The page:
The research lifecycle remains at the center of all digital humanities efforts. Large projects come to life through the efforts of individual digital humanists. Yet, if the scholarly workflow of a digital humanist is not optimized, work is stymied, information is lost, and efforts are not brought to full fruition. Enabling faculty to easily and readily find, store, cite, and manage digital resources is mission critical for libraries and IT professionals. Our study illustrated one of the “ways in which libraries could make meaningful interventions in the humanities research lifecycle” (Posner, 2015), showing that through user-focused and DH-centered research, the voices of the humanities scholars can come center stage and direct need-based software development with impact. These Zotero optimizations came directly from user research findings, which showed that discovery and self-archiving, along with annotation and organization, remain problematic for humanities users to manage. Optimizing the digital humanities requires a focus on the digital humanist as an individual; once the individual’s work is facilitated, the pathway is set for greater and broader contributions. For libraries and IT, this is an essential point of convergence: centering on the user’s workflow as a roadmap for developing services and technologies that facilitate all phases of digital humanities research.
This work is licensed under a Creative Commons Attribution 4.0 International License.
- Posner, M. (2015). Humanities Data: A Necessary Contradiction. Available at http://miriamposner.com/blog/humanities-data-a-necessary-contradiction/; accessed June 26, 2016. ↵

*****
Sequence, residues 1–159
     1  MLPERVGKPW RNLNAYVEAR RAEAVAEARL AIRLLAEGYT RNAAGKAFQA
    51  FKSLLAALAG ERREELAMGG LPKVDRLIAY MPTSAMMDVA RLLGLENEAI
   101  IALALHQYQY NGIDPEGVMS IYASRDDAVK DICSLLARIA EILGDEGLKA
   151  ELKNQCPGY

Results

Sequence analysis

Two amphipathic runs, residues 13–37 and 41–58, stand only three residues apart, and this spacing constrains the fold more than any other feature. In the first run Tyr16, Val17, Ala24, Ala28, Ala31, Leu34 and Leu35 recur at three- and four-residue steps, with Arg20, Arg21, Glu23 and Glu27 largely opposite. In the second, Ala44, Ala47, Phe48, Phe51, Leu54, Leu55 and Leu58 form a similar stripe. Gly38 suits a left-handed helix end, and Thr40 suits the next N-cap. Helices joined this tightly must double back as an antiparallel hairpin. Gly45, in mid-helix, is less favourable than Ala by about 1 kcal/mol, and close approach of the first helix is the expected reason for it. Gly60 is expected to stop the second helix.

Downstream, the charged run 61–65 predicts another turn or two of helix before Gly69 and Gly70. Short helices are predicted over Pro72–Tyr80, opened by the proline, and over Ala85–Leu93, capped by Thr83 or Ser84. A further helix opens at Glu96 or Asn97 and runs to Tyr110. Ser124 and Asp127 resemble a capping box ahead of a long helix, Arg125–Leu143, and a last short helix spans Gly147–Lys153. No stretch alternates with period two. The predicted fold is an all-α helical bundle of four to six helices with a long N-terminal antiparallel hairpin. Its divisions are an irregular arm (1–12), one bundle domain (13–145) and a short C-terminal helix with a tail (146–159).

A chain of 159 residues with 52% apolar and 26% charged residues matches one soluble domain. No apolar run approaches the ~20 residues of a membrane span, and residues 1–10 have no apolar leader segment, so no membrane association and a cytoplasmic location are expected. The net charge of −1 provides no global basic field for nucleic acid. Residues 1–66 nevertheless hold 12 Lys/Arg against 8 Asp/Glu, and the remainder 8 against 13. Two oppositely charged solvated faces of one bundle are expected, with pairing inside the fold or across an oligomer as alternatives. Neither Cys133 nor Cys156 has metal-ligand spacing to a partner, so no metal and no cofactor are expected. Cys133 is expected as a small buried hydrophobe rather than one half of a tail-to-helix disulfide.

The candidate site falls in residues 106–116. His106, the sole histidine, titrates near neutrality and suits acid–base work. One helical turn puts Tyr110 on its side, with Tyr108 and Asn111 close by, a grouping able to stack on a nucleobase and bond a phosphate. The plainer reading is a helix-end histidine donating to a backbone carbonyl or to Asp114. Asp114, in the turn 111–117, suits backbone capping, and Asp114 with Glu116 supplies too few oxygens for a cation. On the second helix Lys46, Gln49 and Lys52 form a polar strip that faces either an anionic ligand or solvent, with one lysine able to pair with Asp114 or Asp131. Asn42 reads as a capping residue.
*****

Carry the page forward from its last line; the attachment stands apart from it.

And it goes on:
- Antonijević, S. and Cahoy, E. (2014). “Personal Library Curation: An Ethnographic Study of Scholars’ Information Practices.” Portal: Libraries and the Academy, Vol. 14, No 2. Antonijević, S. (2015). Amongst Digital Humanists: An ethnographic study of digital knowledge production. London, New York: Palgrave Macmillan. ↵
- Roy Rosenzweig Center for History and New Media (2015). RRCHNM to build software to help researchers organize digital photographs. Available at: http://chnm.gmu.edu/news/rrchnm-to-build-software-to-help-researchers-organize-digital-photographs/; accessed June 30, 2016. ↵
- Marshall, C.C. (2007). “How People Manage Personal Information over a Lifetime.” In: Jones and Teevan (eds.), Personal Information Management. Seattle, Washington: University of Washington Press: pp. 57-75. Available at http://www.csdl.tamu.edu/~marshall/PIM%20Chapter-Marshall.pdf; accessed November 18, 2014. ↵
- Zastrow, J. (2014). “PIM 101: Personal Information Management.” Computers & Libraries, Vol. 34, No. 2. Available at http://www.infotoday.com/cilmag/mar14/Zastrow–PIM-101–Personal-Information-Management.shtml; accessed July 18, 2015. ↵